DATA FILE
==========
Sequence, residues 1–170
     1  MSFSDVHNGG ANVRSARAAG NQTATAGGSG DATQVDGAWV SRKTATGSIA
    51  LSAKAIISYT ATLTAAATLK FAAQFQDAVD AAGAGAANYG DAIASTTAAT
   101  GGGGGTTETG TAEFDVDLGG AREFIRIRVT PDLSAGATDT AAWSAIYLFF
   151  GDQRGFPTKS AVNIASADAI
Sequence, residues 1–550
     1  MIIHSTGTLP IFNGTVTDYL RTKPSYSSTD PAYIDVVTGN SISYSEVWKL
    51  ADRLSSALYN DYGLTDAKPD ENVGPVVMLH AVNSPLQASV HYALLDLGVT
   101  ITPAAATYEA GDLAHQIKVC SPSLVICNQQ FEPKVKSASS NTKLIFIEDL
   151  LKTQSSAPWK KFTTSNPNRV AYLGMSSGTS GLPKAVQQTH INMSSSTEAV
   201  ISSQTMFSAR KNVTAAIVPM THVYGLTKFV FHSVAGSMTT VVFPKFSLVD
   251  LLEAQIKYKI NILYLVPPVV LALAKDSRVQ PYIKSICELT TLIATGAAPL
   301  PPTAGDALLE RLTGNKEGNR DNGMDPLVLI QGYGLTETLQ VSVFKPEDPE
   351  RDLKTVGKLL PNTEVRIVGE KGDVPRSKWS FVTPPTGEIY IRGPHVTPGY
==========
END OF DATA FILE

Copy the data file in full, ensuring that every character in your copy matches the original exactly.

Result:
Sequence, residues 1–170
     1  MSFSDVHNGG ANVRSARAAG NQTATAGGSG DATQVDGAWV SRKTATGSIA
    51  LSAKAIISYT ATLTAAATLK FAAQFQDAVD AAGAGAANYG DAIASTTAAT
   101  GGGGGTTETG TAEFDVDLGG AREFIRIRVT PDLSAGATDT AAWSAIYLFF
   151  GDQRGFPTKS AVNIASADAI
Sequence, residues 1–550
     1  MIIHSTGTLP IFNGTVTDYL RTKPSYSSTD PAYIDVVTGN SISYSEVWKL
    51  ADRLSSALYN DYGLTDAKPD ENVGPVVMLH AVNSPLQASV HYALLDLGVT
   101  ITPAAATYEA GDLAHQIKVC SPSLVICNQQ FEPKVKSASS NTKLIFIEDL
   151  LKTQSSAPWK KFTTSNPNRV AYLGMSSGTS GLPKAVQQTH INMSSSTEAV
   201  ISSQTMFSAR KNVTAAIVPM THVYGLTKFV FHSVAGSMTT VVFPKFSLVD
   251  LLEAQIKYKI NILYLVPPVV LALAKDSRVQ PYIKSICELT TLIATGAAPL
   301  PPTAGDALLE RLTGNKEGNR DNGMDPLVLI QGYGLTETLQ VSVFKPEDPE
   351  RDLKTVGKLL PNTEVRIVGE KGDVPRSKWS FVTPPTGEIY IRGPHVTPGY